Queen Elizabeth's Grammar School, Ashbourne

Recent Photograph of Queen Elizabeth's Grammar School (Ashbourne)


The Ashbourne Free Grammar School was founded in 1585 under a charter granted by Elizabeth, Queen of England by the Will of Sir Thomas Cockayne, with William Bradburn Esq. and others.

This building - the ‘Old School’ - was occupied in the recent past by boy pupils, and was where both boys' and girls' school meals were taken. The imposing shadow across the road is cast by ‘The Mansion’.[1]

To mark the Quadcentenary (400th anniversary ) of the founding of the School, Her Majesty the Queen visited both The Green Road site and the Old School on 15th March 1985. A plaque to commemorate the visit was unveiled at the Old School.

Two years later, in 1987, the school re-acquired the original Grammar School Seal. Past pupils, their friends and relations contributed towards the cost of buying back the ancient seal, which was discovered in the United States. One US resident even had an office whip-round! The seal, which is oval with pointed ends [is there a specific name for this shape?], shows Elizabeth I on the face, and the granting of the charter, together with a Latin inscription round the edge - granting a LIBERAE SCOLAE GRAMMATICALIS. The charter and seal together represent the beginning of education at Queen Elizabeth's.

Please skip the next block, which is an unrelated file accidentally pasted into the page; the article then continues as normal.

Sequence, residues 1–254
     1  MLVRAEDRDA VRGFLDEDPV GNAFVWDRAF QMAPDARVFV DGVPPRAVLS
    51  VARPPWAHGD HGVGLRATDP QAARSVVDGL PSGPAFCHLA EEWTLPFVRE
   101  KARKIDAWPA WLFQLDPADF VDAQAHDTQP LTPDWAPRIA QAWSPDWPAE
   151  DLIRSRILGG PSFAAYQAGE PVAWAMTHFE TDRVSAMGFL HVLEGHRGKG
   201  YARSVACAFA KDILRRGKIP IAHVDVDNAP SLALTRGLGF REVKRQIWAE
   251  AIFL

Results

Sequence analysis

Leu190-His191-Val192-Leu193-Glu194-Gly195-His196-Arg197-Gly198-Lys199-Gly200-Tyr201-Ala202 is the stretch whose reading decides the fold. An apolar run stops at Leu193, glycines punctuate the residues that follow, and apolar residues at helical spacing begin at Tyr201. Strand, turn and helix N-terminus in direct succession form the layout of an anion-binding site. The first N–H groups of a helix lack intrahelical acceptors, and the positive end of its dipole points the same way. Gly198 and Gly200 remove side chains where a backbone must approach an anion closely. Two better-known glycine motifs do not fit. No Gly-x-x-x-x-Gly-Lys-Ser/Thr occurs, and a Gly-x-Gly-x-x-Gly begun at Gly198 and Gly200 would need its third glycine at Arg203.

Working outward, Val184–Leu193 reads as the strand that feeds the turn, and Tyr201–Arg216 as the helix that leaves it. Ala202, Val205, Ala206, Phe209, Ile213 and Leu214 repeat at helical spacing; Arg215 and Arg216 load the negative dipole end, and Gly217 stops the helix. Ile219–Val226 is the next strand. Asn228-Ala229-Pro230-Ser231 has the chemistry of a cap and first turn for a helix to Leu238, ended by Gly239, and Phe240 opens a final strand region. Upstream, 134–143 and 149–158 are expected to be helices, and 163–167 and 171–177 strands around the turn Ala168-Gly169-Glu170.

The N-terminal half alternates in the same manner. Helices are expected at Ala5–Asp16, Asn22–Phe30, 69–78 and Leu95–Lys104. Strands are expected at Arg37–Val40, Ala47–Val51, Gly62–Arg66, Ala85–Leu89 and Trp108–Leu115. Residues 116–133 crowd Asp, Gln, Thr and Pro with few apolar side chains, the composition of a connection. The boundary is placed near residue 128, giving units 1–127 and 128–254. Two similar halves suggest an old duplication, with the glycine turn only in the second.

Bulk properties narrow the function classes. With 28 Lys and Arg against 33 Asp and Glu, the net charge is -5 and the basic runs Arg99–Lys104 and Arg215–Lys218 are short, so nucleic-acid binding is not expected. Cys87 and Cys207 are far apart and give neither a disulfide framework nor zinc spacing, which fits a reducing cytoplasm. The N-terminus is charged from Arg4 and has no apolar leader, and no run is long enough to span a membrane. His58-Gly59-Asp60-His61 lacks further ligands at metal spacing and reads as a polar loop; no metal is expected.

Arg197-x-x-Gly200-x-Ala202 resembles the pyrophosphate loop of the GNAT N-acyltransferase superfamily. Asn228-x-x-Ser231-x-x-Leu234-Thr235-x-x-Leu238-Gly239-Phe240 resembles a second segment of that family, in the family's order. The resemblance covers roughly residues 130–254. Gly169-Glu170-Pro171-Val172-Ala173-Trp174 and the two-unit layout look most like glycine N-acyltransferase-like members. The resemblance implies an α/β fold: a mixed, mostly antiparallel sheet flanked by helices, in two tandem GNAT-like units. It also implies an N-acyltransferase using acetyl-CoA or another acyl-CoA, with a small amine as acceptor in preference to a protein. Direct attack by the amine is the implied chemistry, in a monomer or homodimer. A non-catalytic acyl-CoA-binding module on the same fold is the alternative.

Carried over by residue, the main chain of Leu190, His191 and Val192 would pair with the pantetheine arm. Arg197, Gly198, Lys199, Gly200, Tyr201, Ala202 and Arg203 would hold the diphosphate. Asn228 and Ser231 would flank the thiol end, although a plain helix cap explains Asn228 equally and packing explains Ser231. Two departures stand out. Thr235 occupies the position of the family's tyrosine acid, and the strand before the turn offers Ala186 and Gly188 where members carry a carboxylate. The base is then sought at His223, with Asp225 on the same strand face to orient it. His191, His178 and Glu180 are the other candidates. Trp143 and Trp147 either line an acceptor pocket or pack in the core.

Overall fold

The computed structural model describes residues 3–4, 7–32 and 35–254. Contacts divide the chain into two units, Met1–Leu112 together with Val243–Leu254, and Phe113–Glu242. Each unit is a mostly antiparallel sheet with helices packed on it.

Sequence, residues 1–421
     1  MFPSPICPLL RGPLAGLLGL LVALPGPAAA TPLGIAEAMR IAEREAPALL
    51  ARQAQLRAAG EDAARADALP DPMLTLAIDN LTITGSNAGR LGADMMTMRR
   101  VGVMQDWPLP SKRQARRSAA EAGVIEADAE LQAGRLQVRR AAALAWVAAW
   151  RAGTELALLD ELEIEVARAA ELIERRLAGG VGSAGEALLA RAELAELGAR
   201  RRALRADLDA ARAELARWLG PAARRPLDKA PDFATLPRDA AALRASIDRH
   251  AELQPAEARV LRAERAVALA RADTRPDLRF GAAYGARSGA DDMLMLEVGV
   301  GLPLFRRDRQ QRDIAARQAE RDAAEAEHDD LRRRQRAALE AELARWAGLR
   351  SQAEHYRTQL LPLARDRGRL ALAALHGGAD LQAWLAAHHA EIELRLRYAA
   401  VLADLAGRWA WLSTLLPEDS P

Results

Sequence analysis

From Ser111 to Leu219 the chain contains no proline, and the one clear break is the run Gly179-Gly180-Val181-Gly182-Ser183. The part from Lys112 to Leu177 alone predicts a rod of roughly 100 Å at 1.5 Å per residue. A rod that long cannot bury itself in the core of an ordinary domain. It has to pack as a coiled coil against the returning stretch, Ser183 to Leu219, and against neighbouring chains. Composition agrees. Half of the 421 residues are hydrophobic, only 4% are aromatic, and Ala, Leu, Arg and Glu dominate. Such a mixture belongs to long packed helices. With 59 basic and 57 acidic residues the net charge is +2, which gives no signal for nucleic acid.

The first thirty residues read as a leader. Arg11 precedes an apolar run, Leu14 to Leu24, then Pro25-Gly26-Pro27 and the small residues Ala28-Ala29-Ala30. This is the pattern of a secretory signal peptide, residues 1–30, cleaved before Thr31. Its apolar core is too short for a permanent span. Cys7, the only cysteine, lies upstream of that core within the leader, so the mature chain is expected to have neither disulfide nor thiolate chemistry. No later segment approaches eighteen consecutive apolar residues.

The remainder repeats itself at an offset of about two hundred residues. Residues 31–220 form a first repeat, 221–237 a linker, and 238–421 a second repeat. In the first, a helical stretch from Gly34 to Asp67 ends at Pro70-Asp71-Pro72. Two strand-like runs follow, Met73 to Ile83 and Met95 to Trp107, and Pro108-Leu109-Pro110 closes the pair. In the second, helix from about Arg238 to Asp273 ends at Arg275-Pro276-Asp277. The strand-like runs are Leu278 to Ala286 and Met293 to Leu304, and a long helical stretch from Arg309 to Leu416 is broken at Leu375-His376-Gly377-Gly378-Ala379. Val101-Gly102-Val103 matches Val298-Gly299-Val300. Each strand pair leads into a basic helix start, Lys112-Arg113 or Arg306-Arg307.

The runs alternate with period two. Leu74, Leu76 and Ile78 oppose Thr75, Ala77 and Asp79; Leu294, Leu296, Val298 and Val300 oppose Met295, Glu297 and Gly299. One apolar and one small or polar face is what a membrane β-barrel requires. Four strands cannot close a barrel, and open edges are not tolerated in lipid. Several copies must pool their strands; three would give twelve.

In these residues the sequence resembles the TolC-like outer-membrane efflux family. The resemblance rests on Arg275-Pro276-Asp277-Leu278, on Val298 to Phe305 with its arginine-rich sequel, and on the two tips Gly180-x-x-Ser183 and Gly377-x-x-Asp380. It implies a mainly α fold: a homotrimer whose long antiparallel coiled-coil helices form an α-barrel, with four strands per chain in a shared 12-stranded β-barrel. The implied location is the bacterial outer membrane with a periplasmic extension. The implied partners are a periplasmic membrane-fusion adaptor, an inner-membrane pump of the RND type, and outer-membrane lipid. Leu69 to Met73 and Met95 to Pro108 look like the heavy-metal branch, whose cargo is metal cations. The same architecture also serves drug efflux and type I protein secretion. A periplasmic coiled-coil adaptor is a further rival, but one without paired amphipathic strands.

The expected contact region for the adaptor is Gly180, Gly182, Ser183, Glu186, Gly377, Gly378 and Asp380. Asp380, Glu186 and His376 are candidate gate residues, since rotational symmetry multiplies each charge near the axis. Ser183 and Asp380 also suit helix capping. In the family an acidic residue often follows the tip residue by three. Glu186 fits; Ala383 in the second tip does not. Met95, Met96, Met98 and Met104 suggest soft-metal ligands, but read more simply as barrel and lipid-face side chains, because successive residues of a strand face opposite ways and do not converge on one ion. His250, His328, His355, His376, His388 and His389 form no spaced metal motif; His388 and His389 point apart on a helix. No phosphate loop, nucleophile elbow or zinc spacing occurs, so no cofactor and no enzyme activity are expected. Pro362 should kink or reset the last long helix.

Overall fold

The school motto is ‘En Bon Espoyr’, and the school emblem is the three red cockerels (on a shield) of the Cockayne family, the School's founders.

The Old School building is no longer in use by the School, which now has newer premises in The Green Road. It was offered for sale at auction on 18th December 1997, described as “probably the town's second most prominent building... second only to the Parish Church - St Oswald's”. A ‘For Sale’ notice in the Peak Advertiser in 1997 further related that:

“Much of the stonework was completed by 1589 and the building was finally completed and opened in 1603, there having been some considerable delay owing to the shortage of carts to transport the roof timbers.”[2]

The central school section is flanked at each end by residences which were intended originally for two schoolmasters. Samuel Johnson applied for the position of Under Master in 1732, but was rejected!

In 1905, a plan to demolish the building was approved by the County Council of the day; however it was saved thanks to the intervention of the Derbyshire Archaeology Society, and it is now a Grade I Listed building.

(Information provided by Rosemary Lockie)

[1] There is a more detailed history of the Old School, including an early twentieth century engraving, and a list of headmasters 1611-1971 in The Andrews Pages Picture Gallery: Derbyshire, by courtesy of Ann Andrews. I am grateful also to Ann (a former pupil) for other information I've used in compiling this account.
[2] The Peak Advertiser of 10th November 1997 (with reference to its ‘For Sale’ notice). The building was being offered for Auction on 18th December that year.

Image contributed by Alf Beard on 13th March 2003.
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